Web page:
Soon Germans will need to find an excuse why they don’t have a high-speed Internet connection. Not only does Germany boast the most line-based Digital Subscriber Line (DSL) connections in Europe, the country also is poised to take the lead in the rollout of broadband services provided over satellites.
This month Deutsche Telekom AG (DT) in Bonn, Germany, and Hot Telecommunications (Deutschland) GmbH in Griesheim, Germany, a fully owned company of Hughes Network Systems Europe in Darmstadt, Germany, launched an array of new satellite broadband services. The operators join others, such as Strato AG in Berlin, that are seeking either to extend their DSL footprint or target new customer groups with their satellite broadband offerings.
DT’s satellite service is aimed specifically at private and small business users the operator can’t reach with its wireline DSL service. About 10 per cent of the population will not be covered by its land-based offering, according to spokesman Walter Genz. “We said from the start that we won’t be able to extend DSL to all parts of Germany for cost reasons, so this is a solution aimed to fill the gaps,” he said. “The satellite service is not aimed at potential DSL customers because they’re clearly better off with a fixed-line service. It’s cheaper.”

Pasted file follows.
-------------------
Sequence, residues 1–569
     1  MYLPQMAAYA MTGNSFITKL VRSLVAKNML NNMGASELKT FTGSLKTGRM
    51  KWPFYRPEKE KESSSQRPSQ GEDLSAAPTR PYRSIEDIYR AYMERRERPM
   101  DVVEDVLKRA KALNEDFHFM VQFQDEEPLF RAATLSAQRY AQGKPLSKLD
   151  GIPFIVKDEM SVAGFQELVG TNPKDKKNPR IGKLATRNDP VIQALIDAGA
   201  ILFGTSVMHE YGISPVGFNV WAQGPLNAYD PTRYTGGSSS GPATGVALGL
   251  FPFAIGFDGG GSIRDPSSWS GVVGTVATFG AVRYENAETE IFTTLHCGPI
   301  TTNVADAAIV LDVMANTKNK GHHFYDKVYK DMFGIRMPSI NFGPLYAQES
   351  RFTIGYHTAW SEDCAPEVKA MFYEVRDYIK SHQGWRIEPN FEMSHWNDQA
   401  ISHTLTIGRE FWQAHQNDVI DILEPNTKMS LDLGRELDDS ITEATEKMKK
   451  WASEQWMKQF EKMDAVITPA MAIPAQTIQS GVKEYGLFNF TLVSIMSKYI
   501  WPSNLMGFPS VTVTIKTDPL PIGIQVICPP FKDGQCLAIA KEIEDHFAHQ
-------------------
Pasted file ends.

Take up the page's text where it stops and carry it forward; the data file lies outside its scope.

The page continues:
DT is partnering with SES Global SA of Luxembourg, which operates the Astra satellite. The service provides a 768Kbps downlink via satellite and a 64Kbps or tunnelled 124Kbps over the Integrated Services Digital Network (ISDN) channel. Users require an Astra dish and either a Digital Video Broadcasting (DVB) PC card or DVB Universal Serial Bus (USB) set-top box. They can choose between two tariffs: